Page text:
Protein in a Kid’s Breakfast
Studies have shown that children who eat breakfast
- Learn better
- Are more attentive
- Are more likely to participate in activities.
One of the things a lot of kids skip at breakfast is protein. But protein is important. That old standby, bacon and eggs, isn’t a bad idea. You many think of bacon as a “bad” food, but in moderation, it’s a good source of protein. And three slices contain only 70 calories.
Non-traditional breakfast foods can provide protein too. If you’re looking to save time, don’t have any qualms about giving your child a slice of beef or chicken from last night’s dinner.
Source: The American Dietetic Association
CLA for Weight Loss?
You may have heard that taking conjugated linoleic acid supplements, or CLA, can help you lose weight. CLA is derived from linoleic acid, an omega-six fatty acid that’s essential to human health. It’s found primarily in meats and dairy products.
Some studies have shown that small animals that take CLA experience weight loss and a reduction in appetite. Some also experienced a reduction in tumors. But results in humans have been mixed. There’s also some concern that you’d have to take such a large amount of CLA to experience weight loss that side effects, such as nausea, could be a problem.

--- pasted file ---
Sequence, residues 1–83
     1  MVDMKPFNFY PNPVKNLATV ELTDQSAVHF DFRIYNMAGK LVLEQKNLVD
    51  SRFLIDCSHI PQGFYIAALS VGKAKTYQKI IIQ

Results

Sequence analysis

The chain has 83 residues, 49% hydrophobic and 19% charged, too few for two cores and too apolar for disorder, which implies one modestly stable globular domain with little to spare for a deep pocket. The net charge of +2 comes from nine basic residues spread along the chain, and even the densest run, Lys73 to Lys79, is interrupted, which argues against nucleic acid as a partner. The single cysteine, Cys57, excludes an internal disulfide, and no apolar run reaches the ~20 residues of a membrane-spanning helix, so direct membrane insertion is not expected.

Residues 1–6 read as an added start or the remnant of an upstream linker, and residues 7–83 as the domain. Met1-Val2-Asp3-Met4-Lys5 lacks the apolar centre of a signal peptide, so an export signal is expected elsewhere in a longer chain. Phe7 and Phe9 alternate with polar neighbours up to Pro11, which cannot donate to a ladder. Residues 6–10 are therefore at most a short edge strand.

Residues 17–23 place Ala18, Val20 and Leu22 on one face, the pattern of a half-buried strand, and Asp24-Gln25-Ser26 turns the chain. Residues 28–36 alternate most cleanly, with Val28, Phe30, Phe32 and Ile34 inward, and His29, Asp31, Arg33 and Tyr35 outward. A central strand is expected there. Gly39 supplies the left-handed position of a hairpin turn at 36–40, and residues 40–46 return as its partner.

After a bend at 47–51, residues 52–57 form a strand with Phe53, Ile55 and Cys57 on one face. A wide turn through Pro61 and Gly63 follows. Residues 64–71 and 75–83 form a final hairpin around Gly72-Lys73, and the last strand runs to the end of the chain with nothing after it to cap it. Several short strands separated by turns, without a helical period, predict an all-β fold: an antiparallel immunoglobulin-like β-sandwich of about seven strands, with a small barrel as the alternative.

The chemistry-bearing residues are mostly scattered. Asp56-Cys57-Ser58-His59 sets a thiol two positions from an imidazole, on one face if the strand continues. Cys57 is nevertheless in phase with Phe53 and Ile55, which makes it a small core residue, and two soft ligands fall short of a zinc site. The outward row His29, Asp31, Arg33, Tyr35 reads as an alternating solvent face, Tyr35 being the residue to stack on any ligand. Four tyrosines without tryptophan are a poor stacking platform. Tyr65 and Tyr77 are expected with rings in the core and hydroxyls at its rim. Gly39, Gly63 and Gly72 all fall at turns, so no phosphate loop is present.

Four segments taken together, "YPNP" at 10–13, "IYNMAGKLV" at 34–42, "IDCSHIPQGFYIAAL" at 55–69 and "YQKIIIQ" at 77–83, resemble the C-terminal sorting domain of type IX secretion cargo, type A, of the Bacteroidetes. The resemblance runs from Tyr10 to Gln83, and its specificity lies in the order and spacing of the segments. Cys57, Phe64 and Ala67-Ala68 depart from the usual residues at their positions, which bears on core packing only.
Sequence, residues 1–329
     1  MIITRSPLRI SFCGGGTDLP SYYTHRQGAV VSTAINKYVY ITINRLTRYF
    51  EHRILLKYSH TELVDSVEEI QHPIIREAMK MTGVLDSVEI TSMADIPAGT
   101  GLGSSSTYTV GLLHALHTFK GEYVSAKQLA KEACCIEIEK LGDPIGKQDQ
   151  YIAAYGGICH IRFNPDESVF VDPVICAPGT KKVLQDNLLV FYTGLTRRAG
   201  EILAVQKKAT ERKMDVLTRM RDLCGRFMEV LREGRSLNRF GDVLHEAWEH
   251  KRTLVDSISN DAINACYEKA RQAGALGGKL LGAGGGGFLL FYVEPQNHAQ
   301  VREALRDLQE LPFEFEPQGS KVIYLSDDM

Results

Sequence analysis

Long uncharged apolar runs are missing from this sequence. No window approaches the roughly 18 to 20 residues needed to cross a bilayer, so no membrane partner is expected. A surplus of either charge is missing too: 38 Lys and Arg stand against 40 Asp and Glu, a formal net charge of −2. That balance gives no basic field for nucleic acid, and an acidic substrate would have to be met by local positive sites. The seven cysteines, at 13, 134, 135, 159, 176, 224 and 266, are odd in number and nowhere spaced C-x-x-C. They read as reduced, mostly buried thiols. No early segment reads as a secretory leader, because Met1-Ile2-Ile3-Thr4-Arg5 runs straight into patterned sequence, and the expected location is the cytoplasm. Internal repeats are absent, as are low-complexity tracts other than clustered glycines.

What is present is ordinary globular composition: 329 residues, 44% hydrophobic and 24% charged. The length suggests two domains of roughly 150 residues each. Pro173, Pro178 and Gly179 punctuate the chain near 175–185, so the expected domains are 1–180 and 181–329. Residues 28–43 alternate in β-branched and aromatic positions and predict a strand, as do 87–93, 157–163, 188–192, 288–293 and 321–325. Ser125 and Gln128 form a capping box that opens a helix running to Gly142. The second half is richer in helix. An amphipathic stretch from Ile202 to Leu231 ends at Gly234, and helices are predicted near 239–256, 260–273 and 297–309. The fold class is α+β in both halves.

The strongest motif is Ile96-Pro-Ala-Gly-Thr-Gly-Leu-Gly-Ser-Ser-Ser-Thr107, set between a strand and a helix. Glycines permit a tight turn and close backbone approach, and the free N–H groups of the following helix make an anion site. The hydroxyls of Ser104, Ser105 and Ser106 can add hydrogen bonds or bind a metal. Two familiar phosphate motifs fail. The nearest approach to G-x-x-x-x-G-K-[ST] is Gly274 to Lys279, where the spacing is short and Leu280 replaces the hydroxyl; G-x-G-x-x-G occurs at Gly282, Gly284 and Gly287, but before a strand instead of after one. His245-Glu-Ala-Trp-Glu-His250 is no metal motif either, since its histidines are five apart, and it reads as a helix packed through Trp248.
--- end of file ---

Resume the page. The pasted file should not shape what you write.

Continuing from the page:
If you’re thinking about trying CLA, it’s a good idea to talk with your doctor first.
Source: Agricultural Research Service
Food for Sleep
It’s always better to have dinner at least three hours before you go to sleep. But if you do have dinner closer to bedtime, try to choose more carbohydrates than anything else. A small amount of brown rice or pasta, vegetables and some fruit for dessert are better choices for later meals.
Fats and proteins are the foods that make sleep most difficult if you eat too close to bedtime. Try to avoid meats, butter and fried foods if you want to sleep well.
And don’t forget that old standby, warm milk. Warming milk releases tryptophan, which make you sleepy.
Source: American Dietetic Association
Diets for Kidney Health
If you have any kidney disease, your doctor or dietitian have probably talked with you about changes you may be needing to make to your diet. It’s important not to get your phosphorous levels too high. This will mean limiting
- Milk and milk products
- Foods high in protein
- Beer, ale, soft drinks and milk drinks
- Sweet potato, corn and green peas
- Nuts, seeds, whole grain products, bran cereals
Your doctor or dietitian can tell you how much of these foods you can eat in order to keep your phosphorous levels in the healthy range.
Source: National Kidney Foundation
Source: American Kidney Foundation